The next time you make it rain for a stripper in an Atlanta gay bar, consider this: It's pricier than you might think to shake your junk. Now, a lawsuit is challenging the city's permit "scheme" for strip club workers.
Attorney Cary Wiggins charges in the lawsuit that the city charges strippers and club employees fees higher than those allowed under city ordinances to obtain adult entertainment work permits: $375 for a one-year work permit with an annual $350 renewal fee. The lawsuit contends city code allows for a $50 application fee, $300 permit fee and $100 annual renewal fee.
"The city's permit scheme is unconstitutional and its associated fees are unlawful and improper," Wiggins writes in the lawsuit, which was filed Monday in Fulton Superior Court.
The complaint also questions the lack of guidelines for police, who approve the permits and fingerprint applicants, and whether the fees are "an impermissible tax on First Amendment activity." Wiggins describes the fees an attempt by the city not to cover its costs, but to raise revenue.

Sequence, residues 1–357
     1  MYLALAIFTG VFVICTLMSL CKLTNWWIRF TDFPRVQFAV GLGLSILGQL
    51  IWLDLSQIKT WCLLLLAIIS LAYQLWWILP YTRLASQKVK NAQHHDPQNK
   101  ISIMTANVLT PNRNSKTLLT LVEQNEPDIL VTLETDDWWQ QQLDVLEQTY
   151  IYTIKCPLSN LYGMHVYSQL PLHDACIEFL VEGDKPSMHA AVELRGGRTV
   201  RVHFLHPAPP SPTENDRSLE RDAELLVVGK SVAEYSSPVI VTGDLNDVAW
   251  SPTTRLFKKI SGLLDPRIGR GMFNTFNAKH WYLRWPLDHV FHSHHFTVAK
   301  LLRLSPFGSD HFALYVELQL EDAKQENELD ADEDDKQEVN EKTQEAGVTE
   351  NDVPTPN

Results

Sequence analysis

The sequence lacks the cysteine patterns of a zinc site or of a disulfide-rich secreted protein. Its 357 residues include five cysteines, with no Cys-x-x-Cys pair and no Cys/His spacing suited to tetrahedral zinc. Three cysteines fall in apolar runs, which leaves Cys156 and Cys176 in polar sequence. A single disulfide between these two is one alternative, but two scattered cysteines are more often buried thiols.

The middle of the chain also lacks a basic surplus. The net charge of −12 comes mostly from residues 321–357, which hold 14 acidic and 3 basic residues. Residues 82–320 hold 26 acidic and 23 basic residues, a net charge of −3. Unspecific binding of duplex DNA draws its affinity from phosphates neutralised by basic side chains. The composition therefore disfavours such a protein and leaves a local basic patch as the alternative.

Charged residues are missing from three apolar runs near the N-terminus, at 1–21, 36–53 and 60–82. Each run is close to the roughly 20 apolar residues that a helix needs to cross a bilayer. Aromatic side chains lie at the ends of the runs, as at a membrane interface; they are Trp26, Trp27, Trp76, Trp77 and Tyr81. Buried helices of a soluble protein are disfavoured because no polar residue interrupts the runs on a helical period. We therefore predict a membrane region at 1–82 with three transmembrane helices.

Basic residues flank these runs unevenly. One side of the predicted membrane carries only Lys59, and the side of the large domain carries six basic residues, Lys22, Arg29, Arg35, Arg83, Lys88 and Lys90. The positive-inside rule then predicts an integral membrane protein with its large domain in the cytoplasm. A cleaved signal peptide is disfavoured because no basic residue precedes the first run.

"[The city] continues to impose unconstitutional and unlawful fees on those wishing to work at alcohol-licensed adult entertainment establishments," he says.
The lawsuit includes six plaintiffs, who range from strippers, managers and a bartender, but seeks class action status so it applies to strip club workers at bars across the City of Atlanta. That would include gay Atlanta's two strip clubs -- Swinging Richards and Bliss. Wiggins declined to say where the plaintiffs worked.
Bliss recently settled a lawsuit with Atlanta over permits for employees by paying $75,000 in fines and $15,000 in legal costs. An effort to rezone portions of Cheshire Bridge Road to evict Bliss and other strip clubs failed in early June.
The lawsuit asks for the plaintiffs and adult entertainment club employees across the city to receive compensation and reimbursement for past permit fees.
A city spokesperson declined to discuss the lawsuit with the AJC.